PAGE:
Tech Talk: South Korea invests in Israeli technology

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Cyber hacking (illustrative) (photo credit: INGIMAGE)
Cyber hacking (illustrative)
(photo credit: INGIMAGE)
The Economy Ministry and Israel Advanced Technology Industries (IATI) recently held an investment seminar that was the first of its kind in Israel. It included business meetings between South Korean venture-capital (VC) funds and Israeli companies.
For the first time, a large contingency with representation from all South Korean VC funds came to Israel for direct meetings with Israeli companies. The seminar provided a rare opportunity to learn about investment opportunities and financing in South Korea.
The delegation arrived in Israel at the invitation of the Israeli Economy Ministry’s economic attaché in Seoul. The first conference was the result of a cooperation agreement signed two months ago, led by IATI and South Korea’s Korean Venture Capital Association (KVCA).
Most Israeli companies are familiar with South Korea in the context of large technology companies, such as Samsung, Hyundai and LG. But not many know that the country also has a strong and diverse VC industry. This industry in South Korea is growing steadily each year and receives substantial support from government budgets, institutional investors and banks, which view the funds as a platform for diversifying investments and taking more risky positions.
The main areas of investment of VC funds in South Korea are communications, software and semiconductors. The fields of pharma and biotechnology are also significant investment areas.
South Korea is interested in pharma mainly due to the unique structure of the capital market in the country and the possibility of raising funds in a convenient manner for companies.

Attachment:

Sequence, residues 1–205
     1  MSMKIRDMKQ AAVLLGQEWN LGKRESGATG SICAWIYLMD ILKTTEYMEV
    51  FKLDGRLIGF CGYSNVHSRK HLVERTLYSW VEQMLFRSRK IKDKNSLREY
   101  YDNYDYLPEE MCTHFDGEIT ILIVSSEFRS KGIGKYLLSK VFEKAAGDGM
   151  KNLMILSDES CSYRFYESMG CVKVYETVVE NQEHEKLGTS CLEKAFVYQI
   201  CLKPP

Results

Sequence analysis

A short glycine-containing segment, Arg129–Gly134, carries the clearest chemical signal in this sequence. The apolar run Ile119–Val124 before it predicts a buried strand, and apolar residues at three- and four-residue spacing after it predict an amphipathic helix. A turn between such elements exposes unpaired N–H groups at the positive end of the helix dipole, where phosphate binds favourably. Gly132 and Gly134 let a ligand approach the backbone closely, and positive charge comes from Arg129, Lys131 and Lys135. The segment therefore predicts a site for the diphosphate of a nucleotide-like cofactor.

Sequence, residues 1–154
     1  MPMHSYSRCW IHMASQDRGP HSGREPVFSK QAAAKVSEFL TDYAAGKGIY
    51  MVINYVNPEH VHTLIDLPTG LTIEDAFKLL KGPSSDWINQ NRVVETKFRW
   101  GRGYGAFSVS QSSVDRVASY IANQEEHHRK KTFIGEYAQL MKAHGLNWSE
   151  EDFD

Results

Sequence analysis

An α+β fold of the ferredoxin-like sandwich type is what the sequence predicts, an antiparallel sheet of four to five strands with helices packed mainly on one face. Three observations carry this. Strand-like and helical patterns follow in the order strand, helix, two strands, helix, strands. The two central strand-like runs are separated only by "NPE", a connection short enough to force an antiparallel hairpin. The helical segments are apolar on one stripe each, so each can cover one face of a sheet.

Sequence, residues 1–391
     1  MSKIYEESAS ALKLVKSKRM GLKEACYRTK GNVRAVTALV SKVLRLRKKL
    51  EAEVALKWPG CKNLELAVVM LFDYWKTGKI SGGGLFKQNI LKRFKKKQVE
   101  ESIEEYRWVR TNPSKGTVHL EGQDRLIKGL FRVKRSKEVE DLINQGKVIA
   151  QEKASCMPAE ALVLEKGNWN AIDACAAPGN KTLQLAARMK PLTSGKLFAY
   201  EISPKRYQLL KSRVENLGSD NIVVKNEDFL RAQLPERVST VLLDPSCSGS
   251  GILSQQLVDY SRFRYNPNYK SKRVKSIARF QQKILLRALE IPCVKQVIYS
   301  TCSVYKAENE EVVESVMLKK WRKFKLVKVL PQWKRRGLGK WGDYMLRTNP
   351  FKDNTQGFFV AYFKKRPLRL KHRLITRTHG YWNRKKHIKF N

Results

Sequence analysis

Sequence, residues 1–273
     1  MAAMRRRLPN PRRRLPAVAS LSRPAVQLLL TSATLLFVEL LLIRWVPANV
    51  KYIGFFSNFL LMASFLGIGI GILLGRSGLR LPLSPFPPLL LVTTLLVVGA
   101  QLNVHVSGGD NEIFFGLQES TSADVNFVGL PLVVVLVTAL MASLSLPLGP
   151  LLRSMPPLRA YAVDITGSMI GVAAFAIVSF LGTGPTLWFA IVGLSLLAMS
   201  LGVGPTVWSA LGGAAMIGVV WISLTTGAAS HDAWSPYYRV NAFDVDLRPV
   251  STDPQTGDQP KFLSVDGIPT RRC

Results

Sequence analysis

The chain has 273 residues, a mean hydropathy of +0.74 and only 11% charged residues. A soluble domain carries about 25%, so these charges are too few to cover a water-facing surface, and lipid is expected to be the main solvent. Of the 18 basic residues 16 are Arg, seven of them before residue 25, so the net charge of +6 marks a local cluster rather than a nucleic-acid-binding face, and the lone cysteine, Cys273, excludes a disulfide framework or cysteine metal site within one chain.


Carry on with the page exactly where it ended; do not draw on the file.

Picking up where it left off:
KVCA is a venture-capital fund that consists of 110 VC funds that together manage about $18 billion. The association acts as a supervisory body and promotes legislation and regulation in the field of venture capital.
According to the association, in 2017 South Korean VC funds invested a total of $2.2b. and raised $4.1b.
The new government in Seoul is reviewing regulations to create a friendlier environment for VC funds and startup companies. The move is part of an economic policy of support for small businesses and start-ups.
The current delegation will include a range of VC funds, including small and new funds, as well as the largest and strongest funds in South Korea. Among the participating funds: Korea Investment Partners, established in 1986, is among the largest and oldest funds in Korea. In 2017, it invested about $154 million, some of which made its way to Israeli companies Eloxx Pharmaceuticals and Kahr Medical.
Softbank Ventures, established in 2000, is an investment fund in Korea that is a subsidiary of the giant SoftBank Group. Since its inception, Softbank has managed 13 subsidiaries and investments in more than 200 start-ups.
Thirty percent of the investments are outside of Korea, and 45% of the investments are in early-stage start-ups. It recently invested in Innoviz Technologies together with Samsung Catalyst.
KTB Networks is the first fund that was established in Korea, and it is still active. KTB focuses on the fields of media, mobile, life sciences and communications. In 2017, it invested about $130m., and last May it set up a dedicated investment fund together with Korean Internet giant Naver. The fund operates in the field of audio content.
The Israeli Economy Ministry’s economic attaché in Seoul is working hard to bring foreign investment to Israel, and the current delegation is part of activities undertaken in the past two years in the field of investments with KVCA.
The visit of the Korean delegation comes at a time when great strides are being made, and cooperation between the two countries is strengthening. In 2017, total trade in goods between South Korea and Israel exceeded $2b., with total exports reaching $883m.
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Translated by Hannah Hochner.